Bridging the Language Gap

by shutton / Jan 10, 2010 / 0 comments

When traveling in a foreign country, it can be really frustrating to not speak the language. It is hard enough to get our personal travel goals accomplished when it seems like no one around us speaks English; trying to make any connection with the local people around us can seem like a pointless endeavor. But, one of the overarching themes I found throughout my travels with Semester at Sea last spring is that there are two things which can bridge any language gap: digital cameras and music.

I first encountered the digital camera phenomena in the Khayelitsha township in South Africa. While we visited Khayelitsha, children flocked to my classmates and their digital cameras. They loved having their pictures taken and seeing themselves on the LCD screen. There would often be 5 or 6 South African children crowded around one tiny digital camera.


Bridging the Language Gap - Sarah Hutton


A few days later I traveled to Mauritius, a small island off the coast of Madagascar. I visited Terre de Paix, which is a school on Mauritius that teaches preschoolers through older teenagers. First we visited the preschool area, where again the children were fascinated by the digital cameras. Not only did they like having their pictures taken, they also loved holding our cameras and taking pictures of us. 


Even though these children did not yet know any English, their faces would light up while they played with our cameras. We could tell they enjoyed our time with us even without exchanging any actual words.

Next, we visited the older children. While the preschool at Terre de Paix is for all young children in the area, the older children at the school are there because they did not pass national tests to get accepted into other high schools. Terre de Paix  was founded to give these children a chance to express intelligence in other ways, so it focuses heavily on art and other creative activities. The older children know some English, but they are mostly taught in their French creole so it was difficult to communicate with them. They showed us some of the art they were working on (which by the way was way better than anything I could have done) and then brought us into a room full of musical instruments. They sat down to play us a song, and after a few seconds I realized it was a song by The Beatles. Our faces all lit up when we recognized the song, which in turn made them all smile too.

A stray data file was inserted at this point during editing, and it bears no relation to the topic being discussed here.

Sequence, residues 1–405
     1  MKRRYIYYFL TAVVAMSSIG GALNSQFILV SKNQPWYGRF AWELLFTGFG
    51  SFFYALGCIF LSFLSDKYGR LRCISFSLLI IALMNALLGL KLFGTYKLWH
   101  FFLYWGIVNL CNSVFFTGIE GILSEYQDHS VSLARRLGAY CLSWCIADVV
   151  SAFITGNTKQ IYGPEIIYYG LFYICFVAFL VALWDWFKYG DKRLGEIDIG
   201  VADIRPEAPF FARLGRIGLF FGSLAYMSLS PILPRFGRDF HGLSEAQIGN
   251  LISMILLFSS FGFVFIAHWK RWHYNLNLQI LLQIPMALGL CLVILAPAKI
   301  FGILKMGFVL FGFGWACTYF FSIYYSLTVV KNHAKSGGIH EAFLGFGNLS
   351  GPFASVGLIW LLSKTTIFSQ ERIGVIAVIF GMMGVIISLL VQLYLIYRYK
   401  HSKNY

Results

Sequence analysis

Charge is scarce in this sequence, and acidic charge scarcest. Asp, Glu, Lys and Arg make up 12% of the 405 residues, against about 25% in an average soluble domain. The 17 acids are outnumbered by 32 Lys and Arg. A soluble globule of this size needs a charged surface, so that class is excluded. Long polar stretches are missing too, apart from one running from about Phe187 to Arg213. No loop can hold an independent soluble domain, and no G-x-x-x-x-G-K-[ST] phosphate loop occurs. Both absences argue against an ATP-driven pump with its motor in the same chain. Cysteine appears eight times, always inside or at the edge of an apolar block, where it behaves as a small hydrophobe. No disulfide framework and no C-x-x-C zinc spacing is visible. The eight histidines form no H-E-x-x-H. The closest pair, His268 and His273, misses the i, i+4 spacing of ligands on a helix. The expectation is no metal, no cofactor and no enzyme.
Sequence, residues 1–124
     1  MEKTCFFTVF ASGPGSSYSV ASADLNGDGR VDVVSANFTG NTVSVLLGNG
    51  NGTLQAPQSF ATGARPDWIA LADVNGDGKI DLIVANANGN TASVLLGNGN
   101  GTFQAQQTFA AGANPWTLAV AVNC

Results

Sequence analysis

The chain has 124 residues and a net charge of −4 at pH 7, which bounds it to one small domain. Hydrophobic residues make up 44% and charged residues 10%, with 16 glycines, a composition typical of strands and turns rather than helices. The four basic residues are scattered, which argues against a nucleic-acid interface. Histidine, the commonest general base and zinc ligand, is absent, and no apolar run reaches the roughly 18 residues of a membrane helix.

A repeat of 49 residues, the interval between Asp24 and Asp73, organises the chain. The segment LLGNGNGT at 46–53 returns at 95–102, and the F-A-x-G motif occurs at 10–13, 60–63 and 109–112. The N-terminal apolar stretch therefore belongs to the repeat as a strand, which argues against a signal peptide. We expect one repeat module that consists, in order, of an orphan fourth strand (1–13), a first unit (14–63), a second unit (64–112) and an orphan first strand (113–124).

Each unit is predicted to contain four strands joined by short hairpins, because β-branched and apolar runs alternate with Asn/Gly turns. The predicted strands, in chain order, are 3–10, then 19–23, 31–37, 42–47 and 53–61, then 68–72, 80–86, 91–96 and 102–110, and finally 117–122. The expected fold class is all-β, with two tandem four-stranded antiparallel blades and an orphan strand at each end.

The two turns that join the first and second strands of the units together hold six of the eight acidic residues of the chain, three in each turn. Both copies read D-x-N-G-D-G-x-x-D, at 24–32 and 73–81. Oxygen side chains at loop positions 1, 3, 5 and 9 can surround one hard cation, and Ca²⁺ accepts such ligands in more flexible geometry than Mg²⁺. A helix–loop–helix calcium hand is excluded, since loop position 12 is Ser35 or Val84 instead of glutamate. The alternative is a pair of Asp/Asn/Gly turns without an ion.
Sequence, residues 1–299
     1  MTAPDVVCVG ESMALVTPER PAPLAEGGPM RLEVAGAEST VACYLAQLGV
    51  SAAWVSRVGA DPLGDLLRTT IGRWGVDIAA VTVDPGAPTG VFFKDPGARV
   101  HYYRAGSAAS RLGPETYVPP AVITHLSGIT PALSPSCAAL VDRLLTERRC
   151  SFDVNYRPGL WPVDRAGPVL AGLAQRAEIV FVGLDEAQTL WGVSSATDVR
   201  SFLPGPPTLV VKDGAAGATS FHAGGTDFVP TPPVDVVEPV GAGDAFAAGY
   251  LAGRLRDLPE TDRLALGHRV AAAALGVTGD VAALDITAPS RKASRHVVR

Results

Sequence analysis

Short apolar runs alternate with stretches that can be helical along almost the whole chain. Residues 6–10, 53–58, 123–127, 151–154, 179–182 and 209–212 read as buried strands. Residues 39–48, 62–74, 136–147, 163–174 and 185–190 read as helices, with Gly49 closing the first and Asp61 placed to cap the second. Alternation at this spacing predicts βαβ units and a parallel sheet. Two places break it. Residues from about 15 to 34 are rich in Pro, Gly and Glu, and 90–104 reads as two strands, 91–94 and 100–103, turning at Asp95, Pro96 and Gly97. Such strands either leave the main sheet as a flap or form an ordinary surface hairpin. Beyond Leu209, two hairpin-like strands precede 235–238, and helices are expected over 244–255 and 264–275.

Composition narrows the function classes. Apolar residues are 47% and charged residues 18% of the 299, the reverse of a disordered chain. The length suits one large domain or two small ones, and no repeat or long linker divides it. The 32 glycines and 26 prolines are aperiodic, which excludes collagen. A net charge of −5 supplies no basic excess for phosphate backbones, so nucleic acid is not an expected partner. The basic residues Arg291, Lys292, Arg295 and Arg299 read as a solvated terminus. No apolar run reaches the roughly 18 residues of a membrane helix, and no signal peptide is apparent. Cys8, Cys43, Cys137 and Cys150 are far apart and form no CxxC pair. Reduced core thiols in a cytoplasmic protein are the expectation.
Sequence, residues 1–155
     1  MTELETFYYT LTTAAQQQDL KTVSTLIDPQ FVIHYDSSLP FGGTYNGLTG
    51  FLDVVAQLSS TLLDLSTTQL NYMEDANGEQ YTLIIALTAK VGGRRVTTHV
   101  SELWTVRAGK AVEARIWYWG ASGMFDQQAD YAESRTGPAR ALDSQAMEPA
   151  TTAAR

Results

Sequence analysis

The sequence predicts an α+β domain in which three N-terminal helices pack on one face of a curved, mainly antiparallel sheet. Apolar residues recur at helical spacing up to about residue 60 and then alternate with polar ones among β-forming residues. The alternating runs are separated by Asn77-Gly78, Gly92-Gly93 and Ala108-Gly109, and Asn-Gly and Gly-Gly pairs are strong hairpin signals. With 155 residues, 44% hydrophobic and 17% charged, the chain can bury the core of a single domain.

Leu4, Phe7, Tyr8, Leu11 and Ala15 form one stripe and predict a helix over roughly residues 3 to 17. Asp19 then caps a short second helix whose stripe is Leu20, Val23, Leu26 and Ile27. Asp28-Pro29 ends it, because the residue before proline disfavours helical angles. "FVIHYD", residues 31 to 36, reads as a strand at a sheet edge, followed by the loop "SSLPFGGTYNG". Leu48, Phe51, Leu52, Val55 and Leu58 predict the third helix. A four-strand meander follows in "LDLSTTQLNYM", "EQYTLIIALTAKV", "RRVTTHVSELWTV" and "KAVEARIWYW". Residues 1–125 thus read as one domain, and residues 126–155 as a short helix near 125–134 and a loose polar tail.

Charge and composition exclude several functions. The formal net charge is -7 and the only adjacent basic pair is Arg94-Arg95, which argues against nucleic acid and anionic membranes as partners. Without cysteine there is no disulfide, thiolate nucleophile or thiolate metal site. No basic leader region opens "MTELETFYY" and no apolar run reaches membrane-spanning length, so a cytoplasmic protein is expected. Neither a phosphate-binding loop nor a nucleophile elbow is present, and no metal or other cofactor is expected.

I couldn’t believe that on a random island off the coast of Africa, which I had only recently even heard of, school children were playing us a famous song from our country just so we could recognize it and relate to them and what they were doing. I came away from the trip to Terre de Paix with a new sense of how to relate to non-english speakers.

For awhile it seemed that digital cameras and music only made it easier to communicate with children. It seemed silly to think such simple things could really form a connection between adults. I was proven wrong when I visited a community center in Shanghai, China. Even though the center was open for all adults, it is mostly retired adults who spend a lot of time there.

First, we saw the choir. Like the students in Mauritius, they sang us a few songs they thought we would recognize, like songs performed in the opening ceremonies of the Beijing Olympics. After they sang for us the translator explained they wanted to hear us sing. There were only about 15 of us and we were very caught off guard by their request. All we could think of on the spot was “You Are My Sunshine.” All of the older Chinese adults seemed amused by our attempts, but then demanded we sing a song together. They chose “Edelweiss” from “The Sound of Music.” It was clear by their faces how happy us singing together made all of them.

Later we went into the dancing room, where many men and women were dancing together in pairs. When they saw us come in, some of the pairs separated, and men and women grabbed us and brought us out to the dance floor. An older man grabbed my hands and I was forced to display my awkward dancing for everyone. Even though this man clearly knew no English, I tried to follow his lead and dance with him and he patiently laughed with me at my failed attempts. 


From these encounters and many others like them, I found myself wishing I spoke these people’s languages solely so I could thank them for the impact they had on me. I think sometimes while traveling we get so wrapped up in trying to find people we can verbally communicate with who can help us with what we want to accomplish that we forget to make genuine connections with people. I traveled to 12 countries in five months and I couldn’t tell you anything about the numerous people I asked for directions, even though I would often speak to them for over a minute. But these people from South Africa, Mauritius, and China, who I sometimes dealt with only for a few seconds and who I shared no words with, will forever have a special place in my memory.

Next time you are traveling and find yourself getting frustrated over issues of language, remember there are countless other ways to connect with people besides speaking. As cheesy as it may sound, sometimes all it takes is a picture, a song, a dance, or even a smile.



Sarah Hutton is the Student Travels Editor for Wandering Educators.